Here is the 2011 question and Chomsky's response (edited for length), plus some 2012 thoughts of his on the topic of community building.
From Noam Chomsky's 2011 speech at Occupy Boston (video, text)
Q. Should we rewrite the system? How can we mobilize the American public?
Chomsky: The only way to mobilize the American public that I’ve ever heard of—or any other public—is by going out and joining them. Going out to wherever people are—churches, clubs, schools, unions—wherever they may be. Getting involved with them and trying to learn from them and to bring about a change of consciousness among them. And, again, this can be very concrete.
Let’s take the electoral system in the United States. It has a lot of flaws—like what I mentioned: public policy and public opinion are so radically divorced. But there are some narrower things that you can do something about right away.
We’re coming up to the presidential election’s primary season. Suppose we had a functioning democratic society. Let’s just imagine that. What would a primary look like, say, in New Hampshire? What would happen in a primary would be that the people in a town would get together and discuss, talk about, and argue about what they want policy to be. Sort of like what’s been happening here in the Occupy movement. They should formulate a conception of what the policy should be. Then if a candidate comes along and says, “I want to come talk to you,” the people in the town ought to say, “Well, you can come listen to us if you want. So you come in, we’ll tell you what we want, and you can try to persuade us that you’ll do it; then, maybe we will vote for you.” That’s what would happen in a democratic society.
What happens in our society? The candidate comes to town with his public relations agents and the rest of them. He gives some talks, and says, “Look how great I am. This is what I am going to do for you.” Anybody with a grey-cell functioning doesn’t believe a word he or she says. And then maybe people vote for him, maybe they don’t. That’s very different from a democratic society.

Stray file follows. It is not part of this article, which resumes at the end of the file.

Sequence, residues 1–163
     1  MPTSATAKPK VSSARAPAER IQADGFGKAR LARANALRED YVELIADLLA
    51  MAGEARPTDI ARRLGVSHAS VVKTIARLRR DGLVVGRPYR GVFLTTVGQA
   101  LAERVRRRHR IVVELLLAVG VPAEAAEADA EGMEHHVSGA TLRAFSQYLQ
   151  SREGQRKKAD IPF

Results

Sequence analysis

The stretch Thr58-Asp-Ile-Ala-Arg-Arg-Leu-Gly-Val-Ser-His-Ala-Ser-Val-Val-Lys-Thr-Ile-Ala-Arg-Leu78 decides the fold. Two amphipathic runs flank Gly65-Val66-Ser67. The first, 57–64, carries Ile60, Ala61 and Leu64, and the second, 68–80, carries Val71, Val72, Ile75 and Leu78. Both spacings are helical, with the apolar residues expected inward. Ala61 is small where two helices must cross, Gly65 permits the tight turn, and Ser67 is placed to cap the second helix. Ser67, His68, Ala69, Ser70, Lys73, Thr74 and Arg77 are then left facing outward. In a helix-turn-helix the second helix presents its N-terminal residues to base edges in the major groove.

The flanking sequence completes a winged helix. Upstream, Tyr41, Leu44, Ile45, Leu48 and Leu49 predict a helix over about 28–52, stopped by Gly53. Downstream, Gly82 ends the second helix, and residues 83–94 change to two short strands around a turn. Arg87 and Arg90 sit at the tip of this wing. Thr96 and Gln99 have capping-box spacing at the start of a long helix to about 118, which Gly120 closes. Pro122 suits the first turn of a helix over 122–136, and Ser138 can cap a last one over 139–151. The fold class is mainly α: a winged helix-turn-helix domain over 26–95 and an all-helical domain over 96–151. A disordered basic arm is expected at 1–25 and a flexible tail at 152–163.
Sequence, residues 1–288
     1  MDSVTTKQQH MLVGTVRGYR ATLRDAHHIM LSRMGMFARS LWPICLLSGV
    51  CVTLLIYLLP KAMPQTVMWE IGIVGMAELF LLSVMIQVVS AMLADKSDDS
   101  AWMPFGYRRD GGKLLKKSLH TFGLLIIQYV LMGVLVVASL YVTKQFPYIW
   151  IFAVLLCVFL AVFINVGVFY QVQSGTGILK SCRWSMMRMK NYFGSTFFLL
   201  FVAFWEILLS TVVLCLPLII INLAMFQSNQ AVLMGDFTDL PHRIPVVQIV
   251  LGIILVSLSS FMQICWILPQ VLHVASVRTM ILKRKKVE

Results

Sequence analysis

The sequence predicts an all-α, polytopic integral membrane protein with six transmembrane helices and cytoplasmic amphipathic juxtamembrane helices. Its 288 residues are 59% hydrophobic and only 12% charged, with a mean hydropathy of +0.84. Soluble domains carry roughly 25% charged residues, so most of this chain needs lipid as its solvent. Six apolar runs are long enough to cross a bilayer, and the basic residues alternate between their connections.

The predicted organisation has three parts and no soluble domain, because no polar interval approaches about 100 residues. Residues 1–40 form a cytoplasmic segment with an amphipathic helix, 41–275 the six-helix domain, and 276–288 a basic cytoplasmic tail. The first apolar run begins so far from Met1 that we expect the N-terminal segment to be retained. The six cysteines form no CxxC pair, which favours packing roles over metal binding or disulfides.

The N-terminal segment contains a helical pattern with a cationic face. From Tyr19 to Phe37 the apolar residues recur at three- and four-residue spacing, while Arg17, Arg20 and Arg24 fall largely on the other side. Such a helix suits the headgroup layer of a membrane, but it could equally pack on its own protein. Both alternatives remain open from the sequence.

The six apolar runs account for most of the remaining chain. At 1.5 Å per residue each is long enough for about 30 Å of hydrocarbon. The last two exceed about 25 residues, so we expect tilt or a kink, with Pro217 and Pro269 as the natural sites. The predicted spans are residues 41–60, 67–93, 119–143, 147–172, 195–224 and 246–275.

Making moves in the direction of real democracy is not utopian. Those are things that can be done in particular communities. And it could lead to a noticeable change in the political system.
Sure, we should get money out of politics, but that’s going to take a lot of work. One way to go at it is just to elect your own representatives. It’s not impossible. The same is true all across the board. [...]
So there are things that are quite feasible. Proposals have to be made and brought to the population in a convincing way. And most of the population already agrees with most these things. But you have to turn the population into a force that will be active and engaged. Then you could have results.
The question of how to respond to it—the primary way is one of the points that you made: reaching out to bring into the general Occupation, in a metaphorical sense, to bring in much wider sectors of the population. There is a lot of sympathy for the goals and aims of the Occupy movement. They’re quite high in polls, in fact. But that’s a big step short from engaging people in it. It has to become part of their lives, something they think they can do something about. So it’s necessary to get out to where people live.
That means not just sending a message, but if possible, and it would be hard, to try to spread and deepen one of the real achievements of the movement which doesn’t get discussed that much in the media—at least I haven’t seen it. One of the main achievements has been to create communities, real functioning communities of mutual support, democratic interchange, care for one another, and so on. This is highly significant, especially in a society like ours in which people tend to be very isolated and neighborhoods are broken down, community structures have broken down, people are kind of alone.
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